Dumpster diving isn’t limited to just information espionage. A Portland, Oregon woman began to eat out of the dumpster (which she affectionately called, “dumpster dogging”) to save $30,000 in just eight months — enough cash to leave her job and travel to central America. Amanda Holden, 32, was called the “Dumpster Dog” by her coworkers because she used to eat their leftovers. She had also changed her spending habits to prove that many people can still live, and thrive, on just a limited budget. Her months-long experiment also empowered Holden to start her own company which helps women to achieve their financial goals.
She wrote on DailyMail.co.uk, “I worked at an office with lots of dudes so there was always extra food. I ate their leftovers. In approaching this challenge, I was very self-deprecating and using my humour. There were some times when I couldn’t find any scraps to [eat] and I would have to buy food. I would never go hungry.”
The last point is something that Holden emphasized. The “point” of her dumpster dogging was to save money and look at life another way. “It wasn’t about hurting myself, I was just doing everything I could. If someone is going to eat half a pizza, I would just ask them to toss it over,” she said.
Holden was 27 when she realized that she had not been very careful with her money. She was the typical young adult, who would go out every night with her friends and pay for luxuries more often than she could afford. She was also working in a job that she absolutely hated, but which she stayed in because she needed the money. After long deliberation, she decided that she would somehow earn the cash to quit her job, live comfortably and travel. She had given herself a ballpark figure of saving $20,000.
“It was a big ask on my 27-year old salary,” she remembered. However, she said that she was firm in her decision and decided to give up paying for unnecessary items such as make-up and beauty products and limiting her social spending. The first few months, she noted, were the hardest, but eventually she developed a habit of cutting corners whenever she could, even asking her coworkers for their leftovers. Despite being mocked a few times, she was able to submit her letter of resignation eight months into this scheme.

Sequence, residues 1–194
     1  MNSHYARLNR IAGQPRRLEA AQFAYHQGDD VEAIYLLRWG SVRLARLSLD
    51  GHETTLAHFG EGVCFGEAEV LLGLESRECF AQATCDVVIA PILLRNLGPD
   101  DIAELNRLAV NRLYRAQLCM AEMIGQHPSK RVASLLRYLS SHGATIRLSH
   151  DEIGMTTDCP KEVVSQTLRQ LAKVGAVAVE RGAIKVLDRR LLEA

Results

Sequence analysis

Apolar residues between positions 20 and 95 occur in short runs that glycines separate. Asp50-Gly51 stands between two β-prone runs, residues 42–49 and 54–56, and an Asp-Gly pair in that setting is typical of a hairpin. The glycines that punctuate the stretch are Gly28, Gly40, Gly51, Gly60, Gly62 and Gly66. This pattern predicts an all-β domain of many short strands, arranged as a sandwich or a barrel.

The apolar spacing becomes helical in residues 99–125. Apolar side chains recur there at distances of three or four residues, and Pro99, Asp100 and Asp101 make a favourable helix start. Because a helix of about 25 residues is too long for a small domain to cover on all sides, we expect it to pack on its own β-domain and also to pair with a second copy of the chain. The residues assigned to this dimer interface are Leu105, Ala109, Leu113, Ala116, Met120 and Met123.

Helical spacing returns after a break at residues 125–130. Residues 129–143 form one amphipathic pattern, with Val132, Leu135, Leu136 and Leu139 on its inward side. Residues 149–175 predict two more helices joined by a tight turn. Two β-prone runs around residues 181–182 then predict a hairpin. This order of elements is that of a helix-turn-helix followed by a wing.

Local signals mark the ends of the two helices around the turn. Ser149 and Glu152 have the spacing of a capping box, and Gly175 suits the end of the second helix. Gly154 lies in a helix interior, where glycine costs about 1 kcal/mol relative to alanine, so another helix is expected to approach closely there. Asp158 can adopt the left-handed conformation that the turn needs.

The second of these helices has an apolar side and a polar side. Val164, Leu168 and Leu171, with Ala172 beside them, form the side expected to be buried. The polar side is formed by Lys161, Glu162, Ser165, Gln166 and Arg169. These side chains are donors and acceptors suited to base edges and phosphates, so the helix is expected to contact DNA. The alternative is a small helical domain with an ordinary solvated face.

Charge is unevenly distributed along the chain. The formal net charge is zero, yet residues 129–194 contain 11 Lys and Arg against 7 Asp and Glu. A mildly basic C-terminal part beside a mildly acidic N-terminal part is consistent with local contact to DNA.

“When I gave my boss my two weeks notice, he took a minute, then looked at me with a wonky eye and asked if that was why I was eating trash and why I was called the dumpster dog,” she recalled.
During the entire experiment, Holden wrote a blog which she called DumpsterDogBlog.com. In it, she wrote about how one could incorporate some of her practices in their own life. Similar to a body or juice cleanse, Holden argued that dumpster dogging every now and then “resets” the brain’s financial outlook. Again she emphasized the need to not take this to the extreme — the goal is not to starve one’s self or deprive people of basic necessities. Nevertheless, the consumerism type of thinking has its own seductive grasp and can be insidious. Most people, she said, don’t realize just how much money can be saved with just a few lifestyle changes. Saving money should never be seen as a chore. When people enter a “lack” mentality, they often become frustrated. The key, then, is balance.
One of the tips Holden recommended in keeping track of one’s spending habits is to have a clear-cut goal. This need not be so lofty; however, it does have to realistic. Set a time frame, along with the exact amount that needs to be saved. These short-term goals create milestones which can be celebrated. The achievement of milestones also encourages people to continue on with their goal.
Regardless of whether you agree with Holden’s suggestions or not, the practice of saving is encouraged by all financial advisers. You never know what can happen and it always helps to be prepared. (Related: Top 10 Great Money Saving Tips.)
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